2. Bring them to the office. When you don’t have deadlines or urgent matters at work, give them a tour of the office and tell them all about what you do there, including the small things like where you make your coffee. Your kids enjoy knowing everything that you do and will take pride in understanding your role in the work world. In fact, those moments will sink in so deep it will amaze you.
  3. Donuts. We live in a society where you can’t eat this, can’t do that. Everything is bad for you. Surprise your children by taking them to a donut shop at 6 or 7 am. Let them go through the whole process. Go up to the glass, order the one they want. Sit there and eat the whole thing together while talking about what the day holds. You can’t do this everyday, so when you do it — they won’t forget it.
  4. Eat meals with your family. This time is invaluable and becomes a treasured component of your entire family’s daily routine. Use meal time to really listen to your children and get to know them, when you open up the floor to allow them to speak freely — they say the funniest, most genuine things.
  5. Get your kid a “Happy S” when you travel. The concept is simple. Often times, when you travel for work, this becomes a “sad” event for children. Therefore, switch the script by returning with a small, thoughtful gift as a surprise for them. The look on their face when you “thought of them” while away is unforgettable, and the excitement this tradition creates is sacred. It also helps soften the sadness when you must leave. They still get sad, but now there’s a surprise at the end if they behave for mom while dad is gone. Or visa versa.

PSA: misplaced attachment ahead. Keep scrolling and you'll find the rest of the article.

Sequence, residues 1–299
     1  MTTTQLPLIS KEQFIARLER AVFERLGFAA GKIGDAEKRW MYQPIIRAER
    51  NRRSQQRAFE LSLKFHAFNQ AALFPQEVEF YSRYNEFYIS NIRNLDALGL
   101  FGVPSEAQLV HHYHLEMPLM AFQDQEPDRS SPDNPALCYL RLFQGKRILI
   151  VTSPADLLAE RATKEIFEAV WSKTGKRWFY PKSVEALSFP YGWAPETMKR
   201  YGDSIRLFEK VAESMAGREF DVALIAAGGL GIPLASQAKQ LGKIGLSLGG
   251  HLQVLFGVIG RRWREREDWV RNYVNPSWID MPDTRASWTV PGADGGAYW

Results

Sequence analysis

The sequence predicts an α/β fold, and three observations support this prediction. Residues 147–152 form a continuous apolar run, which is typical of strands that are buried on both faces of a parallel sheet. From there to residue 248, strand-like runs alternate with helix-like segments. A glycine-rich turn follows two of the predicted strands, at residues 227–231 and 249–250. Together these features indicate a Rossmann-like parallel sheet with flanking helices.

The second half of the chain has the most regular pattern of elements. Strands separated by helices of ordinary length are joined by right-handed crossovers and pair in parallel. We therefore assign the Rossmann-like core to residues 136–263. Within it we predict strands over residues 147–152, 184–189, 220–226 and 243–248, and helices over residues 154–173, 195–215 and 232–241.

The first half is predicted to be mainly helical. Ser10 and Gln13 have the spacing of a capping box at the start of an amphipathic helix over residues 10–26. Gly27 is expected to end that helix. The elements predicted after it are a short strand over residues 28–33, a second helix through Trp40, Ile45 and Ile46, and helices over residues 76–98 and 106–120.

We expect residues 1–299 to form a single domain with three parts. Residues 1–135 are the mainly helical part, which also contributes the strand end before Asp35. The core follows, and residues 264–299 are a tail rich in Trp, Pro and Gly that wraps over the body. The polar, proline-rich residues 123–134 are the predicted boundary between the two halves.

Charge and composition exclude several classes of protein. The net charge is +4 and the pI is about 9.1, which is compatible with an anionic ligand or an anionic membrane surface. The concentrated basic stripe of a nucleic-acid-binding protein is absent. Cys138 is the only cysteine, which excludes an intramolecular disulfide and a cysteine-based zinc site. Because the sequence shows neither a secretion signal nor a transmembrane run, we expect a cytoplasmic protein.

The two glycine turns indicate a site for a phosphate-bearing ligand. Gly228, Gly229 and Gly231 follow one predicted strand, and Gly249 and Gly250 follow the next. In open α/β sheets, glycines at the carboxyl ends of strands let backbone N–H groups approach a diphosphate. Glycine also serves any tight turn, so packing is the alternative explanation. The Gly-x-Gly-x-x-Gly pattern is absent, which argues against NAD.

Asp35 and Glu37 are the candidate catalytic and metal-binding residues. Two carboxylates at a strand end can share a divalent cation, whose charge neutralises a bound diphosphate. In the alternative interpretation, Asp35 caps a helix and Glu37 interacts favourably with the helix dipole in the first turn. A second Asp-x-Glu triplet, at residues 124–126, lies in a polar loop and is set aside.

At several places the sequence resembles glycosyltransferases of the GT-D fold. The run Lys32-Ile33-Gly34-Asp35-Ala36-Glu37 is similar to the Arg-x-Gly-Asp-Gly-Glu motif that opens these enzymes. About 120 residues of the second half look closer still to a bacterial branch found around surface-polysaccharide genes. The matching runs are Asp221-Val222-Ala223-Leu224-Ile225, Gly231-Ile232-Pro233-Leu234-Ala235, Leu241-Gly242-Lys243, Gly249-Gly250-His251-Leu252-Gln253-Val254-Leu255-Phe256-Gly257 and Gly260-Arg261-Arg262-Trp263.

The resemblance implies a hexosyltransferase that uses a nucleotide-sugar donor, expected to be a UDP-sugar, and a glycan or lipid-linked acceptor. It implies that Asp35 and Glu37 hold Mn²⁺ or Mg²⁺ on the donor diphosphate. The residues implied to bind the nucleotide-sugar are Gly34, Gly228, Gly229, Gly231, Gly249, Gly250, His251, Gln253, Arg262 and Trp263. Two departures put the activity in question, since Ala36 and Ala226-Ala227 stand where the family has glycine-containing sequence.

How do you define a good parent?

A good parent is one that actively talks to their kids, but respects their space at times instead of obsessing over them.

Additionally, as a CEO, it’s important to show your kids that working is hard. Kids need to understand it takes time and commitment to succeed in work, which includes having them see you leave for work so they know the importance of going out and working towards what you want in life.

How do you inspire your child to dream big?

When they want to go fast, let them. When they have an idea, help them play it out. Empower them to take the idea and bring it to fruition. Most ideas will be silly or unrealistic, but they will enjoy trying — and you will too.

How do you define success?

I define success by the three rules of Lou Holtz:

  1. Doing your best.
  2. Do what is right.
  3. Treating others well.

If your answer is yes to all three of those every day in pursuit of your dreams and task at hand, then you are succeeding.

Thank you for all of these great insights!